A Dundee drugs worker fears that soon “one person a week” may die from an overdose.
Dave Barrie, manager of Addaction, has called for more social acceptance of drug users, in an attempt to end the stigma and allow people a better chance of recovery.
Earlier this year, the city was named the “drug death capital of Scotland” — with more deaths than any other council area, based on population.
Mr Barrie said: “There’s probably between 2,000 and 3,000 families affected by substance misuse in Dundee, and that’s without factoring in alcohol.
“That’s a significant problem for a city of 150,000 people.
“We go to a lot of the funerals of people who overdose. You can have five children under 15, standing burying their mum or dad. And meanwhile their grandparents are burying their child.
“That’s not a nice image to see on a weekly basis, but that’s what we are heading for. We’re at around 40-50 deaths from overdose a year already and it’s getting worse.”
Mr Barrie said the increase in availability of fake prescription drugs was a key factor in a rising death toll across Scotland.
In particular, Etizolam — commonly known as “street Valium” — was involved in a number of overdoses.
He said: “Drugs like fake Valium are being taken by people but they don’t know the dosage. So they could be used to taking 10 blue pills from a certain dealer. Then they get them from the same person the next day and they could be 20 or 30 times more potent — there’s no way of knowing.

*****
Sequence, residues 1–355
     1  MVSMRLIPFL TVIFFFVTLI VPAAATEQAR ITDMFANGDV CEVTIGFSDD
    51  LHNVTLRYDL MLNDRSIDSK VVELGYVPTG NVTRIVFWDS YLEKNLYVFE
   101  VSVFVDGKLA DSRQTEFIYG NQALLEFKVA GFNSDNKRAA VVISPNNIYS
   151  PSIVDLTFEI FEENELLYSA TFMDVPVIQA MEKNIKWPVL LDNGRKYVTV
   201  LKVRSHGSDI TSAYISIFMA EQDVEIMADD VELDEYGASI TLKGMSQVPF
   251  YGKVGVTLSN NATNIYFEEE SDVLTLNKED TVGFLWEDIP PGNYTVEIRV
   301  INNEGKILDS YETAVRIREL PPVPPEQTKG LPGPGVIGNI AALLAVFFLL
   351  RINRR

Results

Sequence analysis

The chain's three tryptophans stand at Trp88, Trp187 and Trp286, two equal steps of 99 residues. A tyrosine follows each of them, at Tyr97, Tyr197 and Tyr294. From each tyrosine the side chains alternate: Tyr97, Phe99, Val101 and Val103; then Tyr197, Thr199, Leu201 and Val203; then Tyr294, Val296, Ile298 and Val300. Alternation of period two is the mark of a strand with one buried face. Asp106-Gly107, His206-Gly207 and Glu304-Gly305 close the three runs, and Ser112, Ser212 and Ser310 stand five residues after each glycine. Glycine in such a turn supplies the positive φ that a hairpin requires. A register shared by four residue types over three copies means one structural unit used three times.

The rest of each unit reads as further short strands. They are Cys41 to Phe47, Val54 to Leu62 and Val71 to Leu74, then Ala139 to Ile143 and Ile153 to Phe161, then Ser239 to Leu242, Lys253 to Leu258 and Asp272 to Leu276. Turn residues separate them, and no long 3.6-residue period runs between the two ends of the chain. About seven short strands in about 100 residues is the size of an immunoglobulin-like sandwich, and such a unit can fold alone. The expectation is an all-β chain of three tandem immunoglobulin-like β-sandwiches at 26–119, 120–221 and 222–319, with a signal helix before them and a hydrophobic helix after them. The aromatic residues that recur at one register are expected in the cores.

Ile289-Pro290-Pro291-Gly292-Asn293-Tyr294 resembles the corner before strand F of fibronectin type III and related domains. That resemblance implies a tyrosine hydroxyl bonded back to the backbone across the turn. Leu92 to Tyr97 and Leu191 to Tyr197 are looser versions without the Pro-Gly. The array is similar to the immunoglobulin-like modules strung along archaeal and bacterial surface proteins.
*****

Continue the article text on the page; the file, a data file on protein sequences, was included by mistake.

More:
“Often they are taking them with other central nervous system depressants like heroin or methadone, which increases the risk of overdose.”
Later this month, the charity will be hanging memorials in its garden of remembrance, which opened in August. About 40 brass name plaques have been made, engraved with the name of a person in the city who has died from a drugs overdose.
He said the support he’d seen from the community for The Garden of Hope, at The Signpost Centre in Whitfield, was “great to see”, adding: “That support from different parts of society is vital to ending the stigma attached to drug users, because any family can be affected by drug addiction.
“No one plans or sets out to become a heroin addict.”